This type of attack is energy inefficient and easy to detect but is very easy to launch and can damage network communications to the point that no one can communicate at any time.
According to the CSMA mechanism, a legitimate node has to sense the status of the wireless medium before transmitting.
Constant jammer emits continuous, random bits without following the CSMA protocol (Xu et al, 2005).
If the medium is continuously idle for a DCF Interframe Space (DIFS) duration, only then it is supposed to transmit a frame.
If the channel is found busy during the DIFS interval, the station should defer its transmission.
1.3 Deceptive jammer
continuously transmits regular packets (Xu et al, 2005) instead of emitting random bits (as in constant jammer).
Compared to a constant jammer, it is more difficult to detect a deceptive jammer because it transmits legitimate packets instead of random bits.
It deceive other nodes to believe that a legitimate transmission is taking place so that they remain in receiving states until the jammer is turned off or dies.
Similar to the constant jammer, deceptive jammer is also energy inefficient due to the continuous transmission but is very easily implemented.
1.4 Random Jammers
The ratios between sleeping and jamming time can be manipulated to adjust this tradeoff between efficiency and effectiveness. There is a tradeoff between jamming effectiveness and energy saving because it cannot jam during its sleeping period.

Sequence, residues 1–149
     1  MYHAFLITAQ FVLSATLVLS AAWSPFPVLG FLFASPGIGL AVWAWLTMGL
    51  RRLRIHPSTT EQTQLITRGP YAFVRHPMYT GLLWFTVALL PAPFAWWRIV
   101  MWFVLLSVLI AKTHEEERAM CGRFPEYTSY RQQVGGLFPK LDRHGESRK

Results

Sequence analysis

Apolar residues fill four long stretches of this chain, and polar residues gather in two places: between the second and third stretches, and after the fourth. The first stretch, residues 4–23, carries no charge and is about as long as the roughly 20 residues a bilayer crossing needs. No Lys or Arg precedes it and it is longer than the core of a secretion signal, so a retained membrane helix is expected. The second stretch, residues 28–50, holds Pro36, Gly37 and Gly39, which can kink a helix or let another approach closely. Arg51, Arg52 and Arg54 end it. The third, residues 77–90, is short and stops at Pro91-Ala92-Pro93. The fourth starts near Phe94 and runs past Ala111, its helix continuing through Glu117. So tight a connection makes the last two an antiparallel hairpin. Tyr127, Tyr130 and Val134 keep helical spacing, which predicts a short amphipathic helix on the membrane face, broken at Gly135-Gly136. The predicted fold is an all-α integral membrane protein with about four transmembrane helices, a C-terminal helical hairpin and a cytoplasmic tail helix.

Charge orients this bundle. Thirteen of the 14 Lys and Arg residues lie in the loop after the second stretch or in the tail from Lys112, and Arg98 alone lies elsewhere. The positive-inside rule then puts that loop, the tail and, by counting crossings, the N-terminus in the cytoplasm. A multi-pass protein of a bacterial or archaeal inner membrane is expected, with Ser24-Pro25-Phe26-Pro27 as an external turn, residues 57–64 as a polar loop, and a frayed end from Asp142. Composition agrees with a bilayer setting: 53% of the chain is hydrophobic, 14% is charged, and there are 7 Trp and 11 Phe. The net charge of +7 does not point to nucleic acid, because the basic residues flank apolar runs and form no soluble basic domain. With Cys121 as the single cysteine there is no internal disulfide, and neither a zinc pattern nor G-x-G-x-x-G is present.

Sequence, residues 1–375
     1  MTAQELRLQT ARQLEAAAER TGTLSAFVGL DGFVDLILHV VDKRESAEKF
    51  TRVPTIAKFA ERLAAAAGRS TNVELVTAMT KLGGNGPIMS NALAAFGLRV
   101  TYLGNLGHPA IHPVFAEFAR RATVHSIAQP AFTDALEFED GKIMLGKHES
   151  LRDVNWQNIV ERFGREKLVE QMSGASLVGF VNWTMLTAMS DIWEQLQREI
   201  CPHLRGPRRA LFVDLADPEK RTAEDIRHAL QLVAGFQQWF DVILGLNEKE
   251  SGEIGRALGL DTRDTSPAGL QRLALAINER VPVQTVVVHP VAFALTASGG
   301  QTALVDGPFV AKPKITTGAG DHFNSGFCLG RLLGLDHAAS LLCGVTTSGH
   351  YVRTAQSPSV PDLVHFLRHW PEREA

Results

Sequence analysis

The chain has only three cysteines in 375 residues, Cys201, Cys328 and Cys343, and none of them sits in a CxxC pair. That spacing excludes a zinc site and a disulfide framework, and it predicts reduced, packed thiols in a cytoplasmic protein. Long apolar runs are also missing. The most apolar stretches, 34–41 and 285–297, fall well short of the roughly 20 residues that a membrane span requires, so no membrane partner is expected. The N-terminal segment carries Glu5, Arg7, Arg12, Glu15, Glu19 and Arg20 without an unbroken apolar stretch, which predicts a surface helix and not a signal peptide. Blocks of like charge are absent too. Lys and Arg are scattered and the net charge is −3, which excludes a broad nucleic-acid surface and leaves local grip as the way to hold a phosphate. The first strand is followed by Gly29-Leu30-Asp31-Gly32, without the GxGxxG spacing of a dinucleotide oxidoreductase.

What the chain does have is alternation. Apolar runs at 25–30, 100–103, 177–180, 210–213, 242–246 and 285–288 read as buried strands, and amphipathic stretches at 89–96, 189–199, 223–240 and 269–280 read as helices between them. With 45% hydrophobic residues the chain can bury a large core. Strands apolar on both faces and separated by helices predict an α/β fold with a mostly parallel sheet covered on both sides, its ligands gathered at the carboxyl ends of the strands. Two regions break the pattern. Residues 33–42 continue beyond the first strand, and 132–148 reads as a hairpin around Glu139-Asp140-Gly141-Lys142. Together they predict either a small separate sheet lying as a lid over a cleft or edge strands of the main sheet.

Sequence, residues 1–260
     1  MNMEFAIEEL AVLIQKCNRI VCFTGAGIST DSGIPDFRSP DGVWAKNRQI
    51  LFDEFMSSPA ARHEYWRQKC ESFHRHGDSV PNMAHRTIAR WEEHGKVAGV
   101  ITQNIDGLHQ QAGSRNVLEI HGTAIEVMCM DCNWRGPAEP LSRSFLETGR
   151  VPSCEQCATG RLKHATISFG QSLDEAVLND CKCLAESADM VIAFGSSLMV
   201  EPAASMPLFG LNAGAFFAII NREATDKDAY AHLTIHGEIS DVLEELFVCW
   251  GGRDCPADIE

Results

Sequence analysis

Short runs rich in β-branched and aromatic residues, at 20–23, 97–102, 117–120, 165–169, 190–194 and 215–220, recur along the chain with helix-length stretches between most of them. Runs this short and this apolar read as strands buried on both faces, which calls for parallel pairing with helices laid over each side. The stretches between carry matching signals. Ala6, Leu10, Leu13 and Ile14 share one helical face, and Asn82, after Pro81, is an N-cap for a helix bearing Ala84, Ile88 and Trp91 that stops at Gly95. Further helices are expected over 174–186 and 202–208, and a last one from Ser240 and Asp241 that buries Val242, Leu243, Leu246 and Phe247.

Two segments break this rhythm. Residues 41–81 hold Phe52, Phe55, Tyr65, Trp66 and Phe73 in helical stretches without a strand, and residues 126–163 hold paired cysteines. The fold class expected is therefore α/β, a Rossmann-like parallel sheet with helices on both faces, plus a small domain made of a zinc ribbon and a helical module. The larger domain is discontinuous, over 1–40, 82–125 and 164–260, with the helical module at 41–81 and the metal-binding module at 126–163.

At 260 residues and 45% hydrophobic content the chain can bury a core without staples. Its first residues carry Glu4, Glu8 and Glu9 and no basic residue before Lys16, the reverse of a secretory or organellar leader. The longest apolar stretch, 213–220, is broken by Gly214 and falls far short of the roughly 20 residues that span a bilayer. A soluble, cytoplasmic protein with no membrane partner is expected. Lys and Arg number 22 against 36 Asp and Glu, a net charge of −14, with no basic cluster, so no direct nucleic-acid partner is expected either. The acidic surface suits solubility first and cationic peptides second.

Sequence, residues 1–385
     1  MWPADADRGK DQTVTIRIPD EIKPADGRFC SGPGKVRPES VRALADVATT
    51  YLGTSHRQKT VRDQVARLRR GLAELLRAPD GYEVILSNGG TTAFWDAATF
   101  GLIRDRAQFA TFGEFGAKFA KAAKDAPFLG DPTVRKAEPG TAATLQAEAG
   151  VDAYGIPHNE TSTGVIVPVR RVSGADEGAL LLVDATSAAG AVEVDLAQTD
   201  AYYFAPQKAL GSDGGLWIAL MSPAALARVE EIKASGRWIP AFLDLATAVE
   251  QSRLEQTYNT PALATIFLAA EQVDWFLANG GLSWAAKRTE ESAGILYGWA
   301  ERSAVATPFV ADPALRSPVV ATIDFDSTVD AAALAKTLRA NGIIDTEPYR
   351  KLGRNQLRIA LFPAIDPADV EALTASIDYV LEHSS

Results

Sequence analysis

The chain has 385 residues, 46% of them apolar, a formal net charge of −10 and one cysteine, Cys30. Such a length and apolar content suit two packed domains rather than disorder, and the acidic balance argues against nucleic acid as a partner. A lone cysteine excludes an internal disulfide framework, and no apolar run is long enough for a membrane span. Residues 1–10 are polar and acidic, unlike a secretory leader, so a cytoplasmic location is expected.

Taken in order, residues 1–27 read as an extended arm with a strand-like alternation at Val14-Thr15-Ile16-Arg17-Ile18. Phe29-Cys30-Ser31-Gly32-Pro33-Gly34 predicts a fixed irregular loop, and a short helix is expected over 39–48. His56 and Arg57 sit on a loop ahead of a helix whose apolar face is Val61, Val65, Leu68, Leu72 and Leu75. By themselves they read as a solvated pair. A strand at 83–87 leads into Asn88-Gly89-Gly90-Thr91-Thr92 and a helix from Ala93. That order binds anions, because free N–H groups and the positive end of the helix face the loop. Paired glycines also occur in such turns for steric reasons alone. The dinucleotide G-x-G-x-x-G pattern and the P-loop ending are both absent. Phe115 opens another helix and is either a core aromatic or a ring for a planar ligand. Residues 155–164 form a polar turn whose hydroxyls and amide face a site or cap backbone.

It sleeps for a certain time of period and then becomes active for jamming before returning back to a sleep state.
The sleeping and jamming time periods are either fixed or random.
It continuously switches between two states: sleep phase and jamming phase.
Random jammer intermittently transmits either random bits or regular packets into networks (Xu et al, 2005).
Contrary to the above two jammers, it aims at saving energy.
Challenges in Designing Jammers
Reactive jammer starts jamming only when it observes a network activity occurs on a certain channel (Xu et al, 2005).
According to (Pelechrinis et al, 2011), the following are two different ways to implement a reactive jammer.
Since it has to constantly monitor the network, reactive jammer is less energy efficient than random jammer.
As a result, a reactive jammer targets on compromising the reception of a message.
2.1 Reactive Data/ACK jammer
This type of jammer can corrupt data packets, or it waits until the data packets reach the receiver and then corrupts the ACK packets (Pelechrinis et al, 2011).
Reactive Data/ACK jammer jams the network by corrupting the transmissions of data or acknowledgement (ACK) packets.
In the first case, because the data packets are not received correctly at the receiver, they have to be re-transmitted.
The corruptions of both data packets and ACK messages will lead to re-transmissions at the sender end.
In the second case, since the sender does not receive the ACKs, it believes something is wrong at the receiver side, e.g. buffer overflow.
Therefore, it will retransmit the data packets. It does not react until a data transmission starts at the transmitter end.